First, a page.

I do love the warm air--it is awesome. But a quick change and then a big snowstorm--that is what makes Minnesota weather so awesome. It can change so quickly. There are more than me out there that would get a kick out of that. It would melt right away anyway. Just a hope and a prayer--bring it!

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  7. @Disco80 Good stuff! What would be amazing about this year vs. 1910 is that we could do it earlier in the month.

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  8. I can't believe it's technically still WINTER. I hit the trails in shorts today.

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  9. Here is the stuff (from SPC) regarding the severe potentials for this weekend into next week:

    ZCZC SPCSWOD48 ALL
    ACUS48 KWNS 130825
    SPC AC 130825

    DAY 4-8 CONVECTIVE OUTLOOK
    NWS STORM PREDICTION CENTER NORMAN OK
    0325 AM CDT TUE MAR 13 2012

    VALID 161200Z - 211200Z

    ...DISCUSSION...

    LATEST GFS AND ECMWF BOTH AGREE THAT A WRN U.S. TROUGH WILL EVOLVE
    THIS WEEKEND IN RESPONSE TO A FAIRLY STRONG BLOCKING HIGH THAT WILL
    DEVELOP OVER THE ERN U.S. HOWEVER...THERE IS CONSIDERABLE
    DISAGREEMENT REGARDING THE EWD MOVEMENT OF STRONGER MID-HIGH LEVEL
    FLOW INTO THE PLAINS WHERE STRONGER SHEAR WOULD NOT ONLY SUPPORT BUT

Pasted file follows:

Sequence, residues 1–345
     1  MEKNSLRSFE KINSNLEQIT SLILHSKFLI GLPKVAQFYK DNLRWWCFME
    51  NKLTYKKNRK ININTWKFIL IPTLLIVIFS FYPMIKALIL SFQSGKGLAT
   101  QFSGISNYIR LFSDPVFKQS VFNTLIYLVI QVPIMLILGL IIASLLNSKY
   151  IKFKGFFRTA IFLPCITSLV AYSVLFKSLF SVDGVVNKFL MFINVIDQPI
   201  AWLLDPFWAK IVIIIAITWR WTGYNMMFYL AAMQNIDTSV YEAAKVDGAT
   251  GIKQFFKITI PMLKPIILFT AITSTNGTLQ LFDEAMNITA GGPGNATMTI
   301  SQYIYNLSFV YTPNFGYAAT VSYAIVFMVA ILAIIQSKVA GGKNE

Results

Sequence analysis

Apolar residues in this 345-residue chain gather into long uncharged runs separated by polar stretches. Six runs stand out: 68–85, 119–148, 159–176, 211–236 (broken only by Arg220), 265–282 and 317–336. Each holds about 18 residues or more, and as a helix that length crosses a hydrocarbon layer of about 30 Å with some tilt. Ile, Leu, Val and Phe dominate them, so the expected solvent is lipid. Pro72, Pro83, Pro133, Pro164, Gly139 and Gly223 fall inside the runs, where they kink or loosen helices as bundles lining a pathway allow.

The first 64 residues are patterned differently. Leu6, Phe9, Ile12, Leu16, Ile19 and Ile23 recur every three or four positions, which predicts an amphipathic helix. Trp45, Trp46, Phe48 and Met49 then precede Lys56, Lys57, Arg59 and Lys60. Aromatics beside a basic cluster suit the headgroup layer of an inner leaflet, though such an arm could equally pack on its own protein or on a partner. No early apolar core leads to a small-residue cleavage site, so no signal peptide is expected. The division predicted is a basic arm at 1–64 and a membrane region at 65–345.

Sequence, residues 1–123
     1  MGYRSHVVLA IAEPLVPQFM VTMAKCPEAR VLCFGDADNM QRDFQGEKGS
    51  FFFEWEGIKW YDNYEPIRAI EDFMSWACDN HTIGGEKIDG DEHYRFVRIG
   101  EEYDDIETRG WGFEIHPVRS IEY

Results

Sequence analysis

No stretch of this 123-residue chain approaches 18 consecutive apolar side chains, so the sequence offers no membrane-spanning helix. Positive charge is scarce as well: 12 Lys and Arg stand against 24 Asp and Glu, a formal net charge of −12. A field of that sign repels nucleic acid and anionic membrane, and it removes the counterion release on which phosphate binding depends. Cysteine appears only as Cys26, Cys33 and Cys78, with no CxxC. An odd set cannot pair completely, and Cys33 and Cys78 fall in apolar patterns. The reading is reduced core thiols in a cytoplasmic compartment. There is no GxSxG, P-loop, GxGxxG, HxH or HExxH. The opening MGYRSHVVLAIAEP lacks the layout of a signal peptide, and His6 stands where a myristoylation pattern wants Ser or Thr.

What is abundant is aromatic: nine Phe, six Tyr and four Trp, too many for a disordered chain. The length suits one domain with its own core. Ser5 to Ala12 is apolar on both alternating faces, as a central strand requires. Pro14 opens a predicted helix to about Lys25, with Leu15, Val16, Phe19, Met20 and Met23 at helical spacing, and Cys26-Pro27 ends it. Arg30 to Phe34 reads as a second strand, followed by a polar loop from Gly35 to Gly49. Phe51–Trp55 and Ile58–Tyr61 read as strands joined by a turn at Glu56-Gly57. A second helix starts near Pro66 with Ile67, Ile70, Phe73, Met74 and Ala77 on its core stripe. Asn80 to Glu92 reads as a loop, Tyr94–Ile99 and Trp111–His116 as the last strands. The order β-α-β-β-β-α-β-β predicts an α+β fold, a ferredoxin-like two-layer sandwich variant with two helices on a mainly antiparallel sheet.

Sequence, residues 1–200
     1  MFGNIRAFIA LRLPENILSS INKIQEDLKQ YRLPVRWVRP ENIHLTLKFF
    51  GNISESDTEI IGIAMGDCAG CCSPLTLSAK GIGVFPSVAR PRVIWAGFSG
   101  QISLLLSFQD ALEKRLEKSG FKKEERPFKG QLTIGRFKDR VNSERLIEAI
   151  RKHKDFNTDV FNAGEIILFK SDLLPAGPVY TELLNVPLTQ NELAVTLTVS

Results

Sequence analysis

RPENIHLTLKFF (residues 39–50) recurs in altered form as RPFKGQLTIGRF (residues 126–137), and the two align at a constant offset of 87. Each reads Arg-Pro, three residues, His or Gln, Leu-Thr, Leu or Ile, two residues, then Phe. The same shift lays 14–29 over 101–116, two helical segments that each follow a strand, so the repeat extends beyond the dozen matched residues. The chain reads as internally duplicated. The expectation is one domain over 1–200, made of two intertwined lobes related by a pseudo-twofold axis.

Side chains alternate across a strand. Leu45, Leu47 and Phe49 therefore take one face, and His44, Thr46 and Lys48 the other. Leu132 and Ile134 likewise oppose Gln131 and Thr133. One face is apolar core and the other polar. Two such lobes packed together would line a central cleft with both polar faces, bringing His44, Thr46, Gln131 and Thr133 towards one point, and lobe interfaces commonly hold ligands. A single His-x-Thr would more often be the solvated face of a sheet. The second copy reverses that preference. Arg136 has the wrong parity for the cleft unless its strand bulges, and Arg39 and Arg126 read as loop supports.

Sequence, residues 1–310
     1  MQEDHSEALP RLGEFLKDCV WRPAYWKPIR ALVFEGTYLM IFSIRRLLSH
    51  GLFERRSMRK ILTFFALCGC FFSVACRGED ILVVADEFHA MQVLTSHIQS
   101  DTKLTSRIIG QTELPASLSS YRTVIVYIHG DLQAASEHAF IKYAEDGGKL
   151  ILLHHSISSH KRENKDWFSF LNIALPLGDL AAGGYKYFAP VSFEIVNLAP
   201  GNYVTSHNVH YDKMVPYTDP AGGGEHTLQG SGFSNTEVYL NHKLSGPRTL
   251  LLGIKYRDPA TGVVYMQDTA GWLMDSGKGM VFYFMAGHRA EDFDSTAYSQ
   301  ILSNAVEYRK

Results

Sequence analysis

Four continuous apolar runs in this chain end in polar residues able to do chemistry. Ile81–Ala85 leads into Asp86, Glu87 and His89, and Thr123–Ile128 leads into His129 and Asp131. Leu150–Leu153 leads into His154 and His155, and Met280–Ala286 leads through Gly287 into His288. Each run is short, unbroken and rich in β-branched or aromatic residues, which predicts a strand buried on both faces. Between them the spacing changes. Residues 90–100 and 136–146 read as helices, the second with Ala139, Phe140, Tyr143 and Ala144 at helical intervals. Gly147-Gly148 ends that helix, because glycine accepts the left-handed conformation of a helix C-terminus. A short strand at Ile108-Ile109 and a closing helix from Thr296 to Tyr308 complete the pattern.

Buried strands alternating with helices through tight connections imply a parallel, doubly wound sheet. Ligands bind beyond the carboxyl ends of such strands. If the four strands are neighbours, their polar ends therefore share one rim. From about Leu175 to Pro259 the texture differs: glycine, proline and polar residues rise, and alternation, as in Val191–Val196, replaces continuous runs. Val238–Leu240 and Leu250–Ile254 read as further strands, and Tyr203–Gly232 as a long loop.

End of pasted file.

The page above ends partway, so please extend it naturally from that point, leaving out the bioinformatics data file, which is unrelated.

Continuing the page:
ENHANCE THE PROSPECT FOR SEVERE STORMS GIVEN THE EXPECTED
    MOISTURE/INSTABILITY. THE ECMWF IS CONSIDERABLY SLOWER WITH HEIGHT
    FALLS ACROSS THE ROCKIES AND THUS STRONGER FLOW IS EXPECTED TO
    ADVANCE NO FARTHER THAN WY/CO/NM BY THE END OF THE PERIOD. FOR THIS
    REASON WILL NOT INTRODUCE A SEVERE RISK UNTIL TIMING IS RESOLVED
    WITHIN THE MODEL GUIDANCE.

    ..DARROW.. 03/13/2012

    CLICK TO GET WUUS48 PTSD48 PRODUCT

    I will be very interested in how this shapes out.

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  10. Today's record high of 64 is only two years old!

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  11. Well, it looks like we'll blow away the two-year-old record by 9 degrees. The forecast looks like a nice week in June.

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  12. There appears to be a conflict within the NWS right now(for tommorrow). The SPC places us within the thunder line, which would mean T-storms tommorrow, and the NWS at the Twin Cities calls for partly cloudy skies. It will be intersting to see who wins out.

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  13. Last night's overnight low was 35 degrees above the average low for this date and 18 above the average high!

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  14. Just set up new thread to discuss current weather.